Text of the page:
DeKalb, IL — Millennials are purchasing homes less frequently and later than generations before them because of rising home prices due to high demand and limited supply, leaving them to rely on the financial help of their parents.
Millennials are not only becoming homeowners at lower rates, but they are also more commonly turning to others for help compared to prior generations. A 2018 study from financial services company Legal & General found that 43% of people under 35 received help from parents or family members when purchasing a home.
Jessica Yourdon, a 36-year-old social media coordinator, said after getting married, she didn’t have enough money to put a down payment on a house, so she turned to her parents.
“It was really hard to accept when they wanted to give me money, and they’re like, ‘You’re our daughter. We love you, and it is our job to take care of you,’” Yourdon told NBC News. “Once it got to that point, I think when she said she wanted to do that, my husband and I were both speechless.”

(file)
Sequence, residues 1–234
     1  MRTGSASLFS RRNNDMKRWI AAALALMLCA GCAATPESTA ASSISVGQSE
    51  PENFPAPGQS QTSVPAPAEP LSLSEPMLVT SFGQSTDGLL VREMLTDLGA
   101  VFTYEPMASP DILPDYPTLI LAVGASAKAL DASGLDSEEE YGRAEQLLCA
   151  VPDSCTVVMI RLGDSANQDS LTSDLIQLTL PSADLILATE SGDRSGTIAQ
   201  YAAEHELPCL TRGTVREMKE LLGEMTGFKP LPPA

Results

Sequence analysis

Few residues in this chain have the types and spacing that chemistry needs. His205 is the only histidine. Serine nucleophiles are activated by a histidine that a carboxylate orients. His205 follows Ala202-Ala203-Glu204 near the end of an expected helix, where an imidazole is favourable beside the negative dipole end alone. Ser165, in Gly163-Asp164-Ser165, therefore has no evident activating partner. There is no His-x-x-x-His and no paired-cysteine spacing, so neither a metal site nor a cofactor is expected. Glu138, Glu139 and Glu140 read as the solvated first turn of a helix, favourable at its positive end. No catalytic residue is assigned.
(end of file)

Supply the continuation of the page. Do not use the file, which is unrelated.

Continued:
Millennials are also faced with disproportionately high rates of student loan debt and are, on average, getting married later in life, thereby delaying homeownership.
The baby boom generation — around 57 to 75 years old — have been accumulating money for years and are ensuring the longevity of their income by gifting it to their millennial children.
Caroline Blankfort, a real estate agent based in Nashville, said parents often give their children money to pay a down payment or starter cost on a home.
“It still is a chunk of change that some people don't plan for when they're working and saving,” Blankfort told NBC News. “And then when the time comes to buy a house, it's like, ‘Oh, wait, hold on, I'm not ready for this.’”